Entering the 12,000 square-foot gallery, the space is bright and open. The thousands of LEGO laid out like a meandering pathway on the floor are clean and precise, resembling an almost-digital presentation of vibrant faces and names. Each portrait was assembled by hand from thousands of individual LEGO bricks, by volunteers while Ai was prohibited from traveling outside China in 2014 for the Alcatraz exhibition. In many cases, colors of the flag of each political dissident’s home country are also featured.

It took three weeks for the segments of the LEGO portraits and wallpaper installation to be prepared for display on the Hirshhorn’s second level, and large square cut-outs on the floor remind visitors where structural columns from the Alcatraz display originally stood. The choice to keep the original open spaces for the Hirshhorn exhibition was intentional, Chiu says.

This is not the first time the artist has taken the simplicity of a single object and multiplied it by the millions to make a point. In 2010, his “Sunflower Seeds” exhibition at the Tate Modern museum in London provided commentary on the concept of “Made in China” mass-production by featuring 100 million porcelain shapes, each hand-painted by skilled artisans from Jingdezhen, China to look like identical sunflower seeds.

Ai and his team worked with Amnesty International to identify and research the 176 political dissidents from more than 30 countries featured in the exhibition, most of whom are still incarcerated. When researching the faces of each prisoner, some of the pictures online were highly pixilated as if taken by surveillance cameras, which lent themselves perfectly to LEGO’s intrinsic block design.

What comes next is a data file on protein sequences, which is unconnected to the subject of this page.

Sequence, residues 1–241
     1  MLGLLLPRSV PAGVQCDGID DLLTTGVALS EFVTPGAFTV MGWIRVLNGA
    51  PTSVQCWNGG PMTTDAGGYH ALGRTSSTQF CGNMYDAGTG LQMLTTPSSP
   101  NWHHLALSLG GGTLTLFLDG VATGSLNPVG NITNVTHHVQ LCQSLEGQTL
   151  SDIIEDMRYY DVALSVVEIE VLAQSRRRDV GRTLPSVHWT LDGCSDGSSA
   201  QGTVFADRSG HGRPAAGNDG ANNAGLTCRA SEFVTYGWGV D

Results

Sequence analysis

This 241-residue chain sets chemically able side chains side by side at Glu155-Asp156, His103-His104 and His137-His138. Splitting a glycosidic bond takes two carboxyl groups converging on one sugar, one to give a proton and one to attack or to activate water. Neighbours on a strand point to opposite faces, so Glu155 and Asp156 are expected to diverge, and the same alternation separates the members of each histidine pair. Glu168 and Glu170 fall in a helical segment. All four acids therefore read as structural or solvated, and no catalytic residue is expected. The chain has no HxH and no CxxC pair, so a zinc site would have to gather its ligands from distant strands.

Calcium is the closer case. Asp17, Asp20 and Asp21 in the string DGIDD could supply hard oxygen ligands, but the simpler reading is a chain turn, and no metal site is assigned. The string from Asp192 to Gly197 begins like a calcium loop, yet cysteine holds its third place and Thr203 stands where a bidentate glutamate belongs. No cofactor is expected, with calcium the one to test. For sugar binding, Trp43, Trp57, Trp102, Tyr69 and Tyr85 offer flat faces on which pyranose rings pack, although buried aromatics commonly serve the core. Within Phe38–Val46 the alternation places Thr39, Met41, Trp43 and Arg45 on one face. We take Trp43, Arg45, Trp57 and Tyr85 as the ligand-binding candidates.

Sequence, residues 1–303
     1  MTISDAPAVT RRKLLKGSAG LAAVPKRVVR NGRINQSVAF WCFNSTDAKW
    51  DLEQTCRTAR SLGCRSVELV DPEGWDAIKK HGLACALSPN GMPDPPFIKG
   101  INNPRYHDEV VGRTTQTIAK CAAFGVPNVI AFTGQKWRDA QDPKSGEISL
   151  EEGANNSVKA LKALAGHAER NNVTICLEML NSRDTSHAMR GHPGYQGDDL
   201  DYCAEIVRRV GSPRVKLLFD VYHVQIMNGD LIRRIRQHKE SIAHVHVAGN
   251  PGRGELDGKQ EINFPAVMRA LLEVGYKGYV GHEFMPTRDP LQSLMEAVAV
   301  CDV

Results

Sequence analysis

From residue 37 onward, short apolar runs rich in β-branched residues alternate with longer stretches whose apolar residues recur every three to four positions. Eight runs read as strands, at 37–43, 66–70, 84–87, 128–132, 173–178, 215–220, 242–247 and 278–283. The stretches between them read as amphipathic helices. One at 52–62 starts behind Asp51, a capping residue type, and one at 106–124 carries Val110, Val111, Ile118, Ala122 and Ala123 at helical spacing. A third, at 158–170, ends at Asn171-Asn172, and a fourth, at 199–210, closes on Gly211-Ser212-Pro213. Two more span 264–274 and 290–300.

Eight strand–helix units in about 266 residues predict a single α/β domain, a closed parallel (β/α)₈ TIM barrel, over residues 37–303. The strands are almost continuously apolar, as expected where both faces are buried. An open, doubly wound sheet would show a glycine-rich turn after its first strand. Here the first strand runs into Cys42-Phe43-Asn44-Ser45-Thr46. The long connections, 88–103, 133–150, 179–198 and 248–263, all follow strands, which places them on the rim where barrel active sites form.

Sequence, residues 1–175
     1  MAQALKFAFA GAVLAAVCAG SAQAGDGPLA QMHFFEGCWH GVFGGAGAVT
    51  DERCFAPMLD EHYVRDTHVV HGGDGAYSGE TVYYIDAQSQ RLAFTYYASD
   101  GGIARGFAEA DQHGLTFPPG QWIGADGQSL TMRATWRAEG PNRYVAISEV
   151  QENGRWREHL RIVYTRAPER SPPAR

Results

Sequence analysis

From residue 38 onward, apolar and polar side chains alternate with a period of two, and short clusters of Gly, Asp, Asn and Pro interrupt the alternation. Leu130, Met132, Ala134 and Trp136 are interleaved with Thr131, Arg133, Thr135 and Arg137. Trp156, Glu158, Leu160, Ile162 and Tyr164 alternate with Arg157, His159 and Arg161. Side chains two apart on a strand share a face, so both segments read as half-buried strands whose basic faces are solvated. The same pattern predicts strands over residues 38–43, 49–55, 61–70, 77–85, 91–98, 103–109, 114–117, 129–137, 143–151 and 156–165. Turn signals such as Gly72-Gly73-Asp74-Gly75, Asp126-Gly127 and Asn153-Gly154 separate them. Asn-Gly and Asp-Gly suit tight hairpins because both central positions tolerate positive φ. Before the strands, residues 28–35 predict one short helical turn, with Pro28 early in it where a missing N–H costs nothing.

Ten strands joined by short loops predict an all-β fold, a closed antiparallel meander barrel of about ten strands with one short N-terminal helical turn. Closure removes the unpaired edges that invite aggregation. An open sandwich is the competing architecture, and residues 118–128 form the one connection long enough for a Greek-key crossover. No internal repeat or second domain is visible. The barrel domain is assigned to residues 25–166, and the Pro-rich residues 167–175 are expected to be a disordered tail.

In the corner of each of the six areas throughout the gallery, an interactive kiosk allows visitors to delve deeper into the complex stories of each subject: people like journalist Reeyot Alemu from Ethiopia, or singer-songwriter Tran Vu Anh Binh from Vietnam, or the controversial American fugitive Edward Snowden. (All of the names, pictures and stories are available on the FOR-SITE Foundation website.)

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Russian dissident Andrei Barabanov is one of 176 activist portraits in Ai Weiwei’s “Trace,” an exhibition constructed of thousands of plastic LEGO bricks, assembled by hand and laid out on the floor. (Flickr photo by Ron Cogswell)

The interactive nature of the exhibition—particularly one that features an artist adept at engaging his audiences in myriad ways—is something Chiu is looking to extend to future commissions. She recently hired Mark Beasley, a curator dedicated to identifying new ways to engage audiences and augment the visitor experience through emerging opportunities in new media and performance art.

“We are looking for works that have some participation value or interactive value,” Chiu explains. “It’s partly driven by where artists are today and they’re making more work that is either performative, interactive or participatory. It is also driven by younger audiences that have an interest in that kind of work, so it’s coming from two directions. And I think that as a museum of contemporary art, that we should be responsive to that.”

Chiu sat down with Ai for a conversation on his exhibition, artistic inspiration and expression—such as his prolific use of social media—at the museum’s annual James T. Demetrion Lecture in June. The most important part of art, Ai said, is speaking up and sharing different points of view. Watch the full interview online.